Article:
As a historian who has taught U.S. history at the collegiate level, I recall the words of my first mentor, the late Dr. Rodolfo Rocha who would tell the class, “I have fifteen weeks to undo what twelve years of public education has denied you.” The social studies standards in Texas had castigated Mexicans and Mexican Americans as the enemy and portrayed them in the textbooks as bandits, lazy, and as foreigners in their own lands. Students in predominantly Mexican American South Texas grew up with limited appreciation of their culture and history. Recently, proposed textbooks in Texas stated that Chicanos wanted to destroy American society, while other texts described African American slaves as immigrants. These teachings speak to the intolerance and hatred that plagues the nation as every day we see the brutalization of black and brown people by law enforcement and citizens alike. Most recently, a white nationalist terrorist who felt emboldened to respond with violence against the browning of the population in Texas committed the massacre in El Paso.
Proponents of racial and cultural tolerance often use the simplistic cliché, “The United States is a nation of immigrants,” to condemn racial bigotry as they strive for a more inclusive environment. Whether or not people consider their ancestors immigrants is beside the point, as diverse communities of working peoples have contributed to both the development and preservation of the U.S. across time. Yet, this rich history typically is underrepresented, if not completely ignored, in the Kinder-12th grade social studies curriculum. The roles, sacrifices, and contributions of these diverse communities have not always been included in the popular histories of the U.S. On the contrary, there have been attempts to erase or intentionally omit their vast contributions. Most recently, conservative members of state legislatures in numerous states have made attempts to curb social studies curricula, making them less reflective of the historic struggles for inclusion and equality in society.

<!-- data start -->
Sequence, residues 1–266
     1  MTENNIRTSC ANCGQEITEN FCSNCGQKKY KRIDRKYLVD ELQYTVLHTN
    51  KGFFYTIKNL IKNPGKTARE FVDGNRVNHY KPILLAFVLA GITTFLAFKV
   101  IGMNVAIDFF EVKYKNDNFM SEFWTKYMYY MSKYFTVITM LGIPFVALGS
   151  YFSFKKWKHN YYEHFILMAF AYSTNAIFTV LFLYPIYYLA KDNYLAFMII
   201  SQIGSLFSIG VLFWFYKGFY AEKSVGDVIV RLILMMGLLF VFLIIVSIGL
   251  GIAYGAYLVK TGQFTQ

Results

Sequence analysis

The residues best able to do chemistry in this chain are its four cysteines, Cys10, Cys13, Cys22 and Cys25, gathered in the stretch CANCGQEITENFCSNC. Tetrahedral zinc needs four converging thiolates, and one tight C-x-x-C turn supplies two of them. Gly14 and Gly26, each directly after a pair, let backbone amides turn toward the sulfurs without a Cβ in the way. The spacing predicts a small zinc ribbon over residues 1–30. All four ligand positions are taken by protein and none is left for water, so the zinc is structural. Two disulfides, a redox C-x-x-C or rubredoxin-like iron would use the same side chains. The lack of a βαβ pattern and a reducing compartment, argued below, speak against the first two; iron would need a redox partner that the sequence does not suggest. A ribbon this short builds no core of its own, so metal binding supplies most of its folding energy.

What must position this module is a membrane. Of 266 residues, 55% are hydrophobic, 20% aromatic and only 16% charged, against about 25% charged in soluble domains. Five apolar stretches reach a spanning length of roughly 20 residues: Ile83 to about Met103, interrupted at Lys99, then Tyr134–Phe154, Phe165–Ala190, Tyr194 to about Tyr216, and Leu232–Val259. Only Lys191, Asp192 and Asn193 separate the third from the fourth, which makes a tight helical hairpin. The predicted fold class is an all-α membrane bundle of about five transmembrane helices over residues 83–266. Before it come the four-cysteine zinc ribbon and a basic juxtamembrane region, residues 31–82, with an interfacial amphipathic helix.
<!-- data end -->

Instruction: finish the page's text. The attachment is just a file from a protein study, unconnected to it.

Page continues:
In Michigan in 2018, former Republican State Senator Patrick Colbeck proposed changes to the social studies standards that would reduce or erase topics such as the NAACP (National Association for the Advancement of Colored People), the Ku Klux Klan, numerous immigrant groups, the LGBTQ community, Roe v. Wade, and climate change. Democrats countered with social studies standards that were more reflective and inclusive of all Michiganders and these standards passed in a 6-2 vote in June. Conservatives argued that the social studies standards passed by Democrats had a liberal slant, were biased against Christians, and that Michigan families did not agree with them. The conflict over the social studies standards goes beyond the cultural war currently occurring in the U.S. and is reflective of the highly polarized political atmosphere the country is enduring.
The education system is impacted by this extreme polarization as conservatives already have a plan to combat the newly passed standards that are to be adopted in the 2020-2021 academic year. “It’s clear these (standards) are biased to the left,” said Republican member of the Michigan Board of Education, Tom McMillin. “The result is not what everyone at this table wants—it’s going to (result in) less support for public education, more people pulling their kids out (of schools).” McMillin threatens with an attack on the funding of public education which already has been under assault under the neoliberal model that has supported charter schools to the detriment of public schools.
This financial assault n has led to the decline of public education throughout Michigan and has deeply hurt our communities. While many schools are in shambles, where teachers often work in unsuitable environments and students feel like they are merely being warehoused, conservative politics and budget cuts have had a damaging impact on Michigan’s education system, which cannot afford further debilitation. As Michiganders prepare for a new decade, they should be mindful of the challenges they are confronting in public education. Neighborhoods may be changing but the aspirations of new neighbors remain the same. Everyone wants the best education for their children and that means having a strong and effective public education system that is inclusive of all.